Rosemary Sutcliff researched her books of historical fiction and children’s literature with “exquisite care” | Oxford Encyclopaedia of Children’s Literature

“Critics of Rosemary Sutcliff’s work sometimes comment on its difficulty both in terms of the language she employs and in terms of the historical depth her novels embrace.” But Romey (as I knew her, a close family member) welcomed as compliments these sorts of evaluations of her writing.

“She prided herself on never writing down to her readers, expecting them instead to be enticed into enjoying a compelling and demanding tale by the pageantry of history and the warm humanity of people in every era.”

“She carefully creates dialogue in her novels that recollects the speech of a bygone era without falling into what she termed ‘gadzookery.’ Sutcliff also researched her novels with exquisite care, and they reflect her vast knowledge of military tactics, religious practices, landscapes, and the material conditions and artifacts of everyday life whether in a Bronze Age village or in a Roman legion on the move.”

“Other commentators have noted the limited role that female characters play in her novels. Except for a few volumes that focus on a young woman, like Song for a Dark Queen (1978), which tells the tale of Boudicca, the queen of the Iceni who led a revolt against the Romans in a.d. 60, this is certainly true. Sutcliff often includes energetic and courageous women among her secondary characters, but providing insights into women’s roles in history is not among her greatest strengths.”

Extracts from Oxford Encyclopaedia of Children’s Literature on Rosemary Sutcliff.

6 thoughts on “Rosemary Sutcliff researched her books of historical fiction and children’s literature with “exquisite care” | Oxford Encyclopaedia of Children’s Literature

  1. Anthony, the language she employed was perhaps the primary attraction which elevated her to her throne alongside Kipling as my lifelong co-favorite from childhood. Truth be told, many subtleties of my personal lexicon, as well as ways of enjoying the beauty of nature, which others may find a bit queer, were acquired at her knee. What a drab, gray and static world, in which those critics must wish us to remain!

    On a side note, I was in Kent on business a couple of years ago (I live in Utah, USA) and made a weekend pilgrimage to her home – I knocked many doors before finding the correct village, then finally the gatepost with the placard of her name. Also walked the streets of Arundel for a bit.


  2. Yes. Meeting her for you would have been lovely. She always welcomed readers who asked to visit, and visitors always left enchanted. I was so lucky to have her in my family, often visiting her as a child and young person. Then visiting with my own children. Thanks for your comment.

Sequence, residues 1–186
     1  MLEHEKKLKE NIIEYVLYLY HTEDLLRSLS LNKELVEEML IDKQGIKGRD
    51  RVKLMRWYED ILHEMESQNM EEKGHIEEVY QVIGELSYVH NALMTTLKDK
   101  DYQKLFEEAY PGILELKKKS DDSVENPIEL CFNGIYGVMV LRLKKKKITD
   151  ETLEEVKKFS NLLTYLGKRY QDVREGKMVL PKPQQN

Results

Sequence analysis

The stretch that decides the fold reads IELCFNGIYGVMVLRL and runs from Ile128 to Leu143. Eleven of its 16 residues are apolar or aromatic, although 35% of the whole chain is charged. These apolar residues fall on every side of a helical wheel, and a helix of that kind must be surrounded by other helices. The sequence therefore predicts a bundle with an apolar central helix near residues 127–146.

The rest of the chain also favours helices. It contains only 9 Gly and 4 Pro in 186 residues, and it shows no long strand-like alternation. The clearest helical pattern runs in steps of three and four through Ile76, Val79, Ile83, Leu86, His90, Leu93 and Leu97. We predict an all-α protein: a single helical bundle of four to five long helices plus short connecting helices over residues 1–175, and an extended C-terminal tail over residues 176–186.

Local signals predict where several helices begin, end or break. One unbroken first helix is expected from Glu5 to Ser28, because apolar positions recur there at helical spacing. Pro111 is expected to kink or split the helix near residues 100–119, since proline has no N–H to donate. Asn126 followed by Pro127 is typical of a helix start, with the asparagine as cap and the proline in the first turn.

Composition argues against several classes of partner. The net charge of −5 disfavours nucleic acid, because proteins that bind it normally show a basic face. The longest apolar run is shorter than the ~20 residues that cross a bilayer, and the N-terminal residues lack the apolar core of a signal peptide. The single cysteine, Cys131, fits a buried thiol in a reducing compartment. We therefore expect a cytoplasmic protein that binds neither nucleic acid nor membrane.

• You are most welcome as ever and this site is such a breath of fresh air. You were lucky to have had her in your family and I’m so sorry she died so early. What a waste.

      Liked by 1 person

  3. As a child i didn’t notice the lack of female characters in Rosemary Sutcliff’s books. But years later i understood it was one of the reasons why i felt so comfortable with her books. I never really “get” girls and women. I don’t question the fact that I am one myself, but I’m hard put to find what i have in common with the rest of my sex 😅. Fact is: i never missed them in the books. She’s the only one, either. Bestselling SF author Karen Traviss also has a majority of male characters in her books. And military expertise. 😅

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    • Interesting. Not having very many female leads in her books did not bother her either! She used to say, I think I recall, that she found it easier to get inside the skin of a man. She also I think used to comment that the position of women in her stories reflected the position of women in the societies and times she wrote about. And of course when she did write with a heroine, Song for a Dark Queen was a triumph!

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  4. I love her books from all eras but especially the Roman ones and the ones on the British tribesmen. Her knowledge of the latter is extraordinary and has informed me greatly of their life and times. I would have loved to meet her and to be able to pass on my compliments personally and perhaps be able to discuss her Roman novels and their inspiration with her. My Latin mistress at school very kindly lent me her copy of “The Eagle of the Ninth” for the summer holidays and I was hooked. It was prerequisite reading for a trip to Hadrian’s Wall in 2018 and again in 2019 and it never fails to intrigue me once again. Thank you Rosemary Sutcliff.

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